Samurai II: Duel at Ichijoji Temple (1955)

samurai ii duel at ichijoji temple poster 1955 movie
7.5 Overall Score
Story: 7/10
Acting: 8/10
Visuals: 8/10

Toshiro Mifune is always good

Story is really dense and sometimes difficult to follow

 
Movie Info

Movie Name:  Samurai II:  Duel at Ichijoji Temple

Studio:  Toho

Genre(s):  Drama/Martial Arts/Action/Adventure

Release Date(s):  July 12, 1955

MPAA Rating:  Not Rated

samurai ii duel at ichijoji temple toshiro mifune kaoru yachigusa

Damn…everybody wants me

Miyamoto Musashi (Toshiro Mifune) is continuing on his quest to be a great samurai, but victory at a duel shows him that he has a long way to go to understand the true path of a warrior.  When Musashi becomes involved with a school led by Seijuro Yoshioka (Akihiko Hirata), he becomes a target for Seijuro’s students who vow to prevent him from a fair fight with their master.  Meanwhile Musashi’s love Otsu (Kaoru Yachigusa) pines for Musashi but learns that Akemi (Mariko Okada) dreams of the man she loves as well.

Directed by Hiroshoi Inagaki and Jun Fukuda (as assistant director), Samurai II:  Duel at Ichijoji Temple (続宮本武蔵 一乗寺の決闘 or Zoku Miyamoto Musashi: Ichijōji no Kettō) is a Japanese samurai film based on the 1935 Eiji Yoshikawa novel Musashi which adapts aspects of the life of Miyamoto Musashi (1584-1645).  The film follows Samurai I:  Musashi Miyamoto from 1954, and the Criterion Collection released a remastered version of the film (Criterion #15).

samurai ii duel at ichijoji temple otsu akemi mariko okada kaoru yachigusa

Uh yeah…Musashi said he hated you and to go away…sorry.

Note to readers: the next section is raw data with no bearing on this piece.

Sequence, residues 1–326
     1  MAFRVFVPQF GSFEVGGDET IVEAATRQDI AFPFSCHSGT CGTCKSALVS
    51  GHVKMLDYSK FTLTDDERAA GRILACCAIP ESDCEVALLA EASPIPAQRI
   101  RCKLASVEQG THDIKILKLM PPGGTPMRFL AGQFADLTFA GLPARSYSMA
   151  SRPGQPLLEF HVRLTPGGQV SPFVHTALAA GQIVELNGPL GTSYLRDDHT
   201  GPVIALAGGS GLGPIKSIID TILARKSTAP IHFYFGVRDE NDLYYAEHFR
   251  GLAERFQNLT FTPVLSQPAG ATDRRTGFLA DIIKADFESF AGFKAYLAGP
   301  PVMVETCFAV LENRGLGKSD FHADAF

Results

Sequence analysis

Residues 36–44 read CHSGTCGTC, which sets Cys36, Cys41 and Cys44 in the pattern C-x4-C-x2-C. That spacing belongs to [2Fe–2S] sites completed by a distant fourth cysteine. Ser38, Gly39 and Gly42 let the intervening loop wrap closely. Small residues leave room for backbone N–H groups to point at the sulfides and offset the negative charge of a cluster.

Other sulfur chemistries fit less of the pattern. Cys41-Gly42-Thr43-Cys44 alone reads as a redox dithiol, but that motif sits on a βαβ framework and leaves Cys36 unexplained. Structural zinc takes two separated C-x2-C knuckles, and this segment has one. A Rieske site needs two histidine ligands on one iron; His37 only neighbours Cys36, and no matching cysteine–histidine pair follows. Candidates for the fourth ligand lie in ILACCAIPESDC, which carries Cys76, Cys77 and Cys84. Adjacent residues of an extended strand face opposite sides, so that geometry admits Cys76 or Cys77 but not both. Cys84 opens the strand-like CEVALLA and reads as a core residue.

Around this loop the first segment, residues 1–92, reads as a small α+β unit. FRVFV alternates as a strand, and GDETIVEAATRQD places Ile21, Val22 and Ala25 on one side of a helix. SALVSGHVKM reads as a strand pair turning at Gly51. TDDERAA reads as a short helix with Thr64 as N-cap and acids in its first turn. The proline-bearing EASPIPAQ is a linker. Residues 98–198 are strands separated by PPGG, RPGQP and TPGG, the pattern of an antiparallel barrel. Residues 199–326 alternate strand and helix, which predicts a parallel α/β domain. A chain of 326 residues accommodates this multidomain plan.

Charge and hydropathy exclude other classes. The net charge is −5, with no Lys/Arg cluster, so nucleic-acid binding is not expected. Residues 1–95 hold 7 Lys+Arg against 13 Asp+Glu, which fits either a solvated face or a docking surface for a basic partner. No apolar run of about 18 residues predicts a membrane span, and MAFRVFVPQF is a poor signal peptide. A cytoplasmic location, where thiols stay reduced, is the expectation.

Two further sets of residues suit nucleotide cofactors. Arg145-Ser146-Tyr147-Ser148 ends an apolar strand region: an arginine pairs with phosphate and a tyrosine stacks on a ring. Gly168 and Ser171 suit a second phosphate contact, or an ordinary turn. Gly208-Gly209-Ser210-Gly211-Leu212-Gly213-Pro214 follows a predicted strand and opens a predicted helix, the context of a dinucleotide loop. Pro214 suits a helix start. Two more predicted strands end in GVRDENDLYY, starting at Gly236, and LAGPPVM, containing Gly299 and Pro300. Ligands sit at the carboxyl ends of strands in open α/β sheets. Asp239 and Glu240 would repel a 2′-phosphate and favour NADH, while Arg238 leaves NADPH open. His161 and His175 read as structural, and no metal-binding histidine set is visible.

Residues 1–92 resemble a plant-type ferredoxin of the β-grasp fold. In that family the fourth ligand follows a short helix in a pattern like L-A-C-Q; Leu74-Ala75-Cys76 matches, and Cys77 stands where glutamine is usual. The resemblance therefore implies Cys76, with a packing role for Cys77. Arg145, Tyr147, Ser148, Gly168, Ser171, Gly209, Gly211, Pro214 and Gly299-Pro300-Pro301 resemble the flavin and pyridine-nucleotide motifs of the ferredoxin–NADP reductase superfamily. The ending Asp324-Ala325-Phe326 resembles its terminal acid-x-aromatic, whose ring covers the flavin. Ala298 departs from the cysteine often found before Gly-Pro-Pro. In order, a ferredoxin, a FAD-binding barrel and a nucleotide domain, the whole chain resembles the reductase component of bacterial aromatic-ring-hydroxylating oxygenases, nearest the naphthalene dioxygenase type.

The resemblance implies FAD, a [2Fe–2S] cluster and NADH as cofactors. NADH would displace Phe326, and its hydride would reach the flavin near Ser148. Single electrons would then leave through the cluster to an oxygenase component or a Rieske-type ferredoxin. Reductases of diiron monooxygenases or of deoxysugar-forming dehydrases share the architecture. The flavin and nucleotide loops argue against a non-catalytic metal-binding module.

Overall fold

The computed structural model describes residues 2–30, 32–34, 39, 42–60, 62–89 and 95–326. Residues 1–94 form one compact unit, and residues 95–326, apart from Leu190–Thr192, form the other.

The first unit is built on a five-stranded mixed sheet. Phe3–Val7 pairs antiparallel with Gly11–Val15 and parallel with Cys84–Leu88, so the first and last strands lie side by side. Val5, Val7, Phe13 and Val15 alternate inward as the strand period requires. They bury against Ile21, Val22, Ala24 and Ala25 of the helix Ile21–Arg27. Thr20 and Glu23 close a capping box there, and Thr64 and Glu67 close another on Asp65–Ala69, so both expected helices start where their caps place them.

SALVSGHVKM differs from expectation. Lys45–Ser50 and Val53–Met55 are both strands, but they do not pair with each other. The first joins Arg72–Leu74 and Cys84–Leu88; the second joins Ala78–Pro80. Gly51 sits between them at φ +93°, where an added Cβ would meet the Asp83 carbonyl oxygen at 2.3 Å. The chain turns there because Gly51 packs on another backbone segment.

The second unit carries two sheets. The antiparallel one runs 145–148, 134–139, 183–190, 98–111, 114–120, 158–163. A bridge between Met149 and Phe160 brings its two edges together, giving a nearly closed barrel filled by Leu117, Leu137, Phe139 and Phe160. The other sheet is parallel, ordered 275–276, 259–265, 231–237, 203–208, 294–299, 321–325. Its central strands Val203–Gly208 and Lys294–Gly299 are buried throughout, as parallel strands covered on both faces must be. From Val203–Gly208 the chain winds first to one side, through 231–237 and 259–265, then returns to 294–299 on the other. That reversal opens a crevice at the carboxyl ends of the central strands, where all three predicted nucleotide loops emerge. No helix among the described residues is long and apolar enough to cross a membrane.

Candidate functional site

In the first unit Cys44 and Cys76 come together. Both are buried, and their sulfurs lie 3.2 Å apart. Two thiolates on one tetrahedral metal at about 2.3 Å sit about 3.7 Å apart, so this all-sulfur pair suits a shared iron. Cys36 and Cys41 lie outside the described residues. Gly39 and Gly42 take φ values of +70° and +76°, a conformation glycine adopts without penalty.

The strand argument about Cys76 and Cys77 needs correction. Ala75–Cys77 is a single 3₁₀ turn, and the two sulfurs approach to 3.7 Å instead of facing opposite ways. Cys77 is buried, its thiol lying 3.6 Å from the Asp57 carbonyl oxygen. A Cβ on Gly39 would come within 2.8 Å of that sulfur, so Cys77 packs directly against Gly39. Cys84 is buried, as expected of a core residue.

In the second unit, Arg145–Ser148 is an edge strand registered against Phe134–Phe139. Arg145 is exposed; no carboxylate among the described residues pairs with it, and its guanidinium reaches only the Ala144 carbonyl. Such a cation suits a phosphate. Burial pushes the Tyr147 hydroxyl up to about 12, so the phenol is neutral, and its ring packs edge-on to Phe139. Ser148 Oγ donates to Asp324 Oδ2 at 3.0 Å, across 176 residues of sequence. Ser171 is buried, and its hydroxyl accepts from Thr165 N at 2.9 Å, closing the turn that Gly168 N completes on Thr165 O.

The Samurai movies are odd in that they are a true trilogy.  As individual movies, the films really don’t work very well, but as a whole, they flow together.  I find the second entry in these films the toughest of the movies to follow, but all three films benefit from multiple viewings.

The story for the film is rather dense, and it asks a lot of viewers.  There are aspects of honor and respect and don’t necessarily translate to all countries and that governs a lot of Musashi’s actions.  You add to that the romance, Musashi’s friend Matahachi (Sachio Sakai) and the introduction of Sasaki Kojirō (Kōji Tsuruta) who is almost a weird third wheel in this film (he factors into the next film heavily).

Toshiro Mifune generally can do no wrong in my book.  I love him in Akira Kurosawa’s epics, and he is generally the same here in style and performance.  Kōji Tsuruta plays a nice cocky guy who still has a sense of honor, but both Mariko Okada and Kaoru Yachigusa are rather forgettable simple because of their pining for Musashi.

samurai ii duel at ichijoji temple ending miyamoto musashi toshiro mifune

It’s on like Donkey Kong!

The film is rather early color and even in remastered versions feels washed out and muted.  Opposed to some other films from the period that really take on the bright Technicolor look of the time, the movie feels older.  Also, the fighting for the film feels rather minimal in comparison to bigger epics.

Samurai II:  Duel at Ichijoji Temple is a solid film, but not for the casual viewer of samurai pictures.  The film works but it really only works as a whole with the rest of the trilogy to show the arc of Musashi’s character.  If you are going to watch the Samurai film series make sure you take the time to seek them all out at once for the best viewing option.  Samurai II:  Duel at Ichijoji Temple is followed by Samurai III:  Duel at Ganryu Island in 1956.

Related Links:

Samurai I:  Musashi Miyamoto (1954)

Samurai III:  Duel at Ganryu Island (1956)

Author: JPRoscoe View all posts by
Follow me on Twitter @JPRoscoe76! Loves all things pop-culture especially if it has a bit of a counter-culture twist. Plays video games (basically from the start when a neighbor brought home an Atari 2600), comic loving (for almost 30 years), and a true critic of movies. Enjoys the art house but also isn't afraid to let in one or two popular movies at the same time.

Leave A Response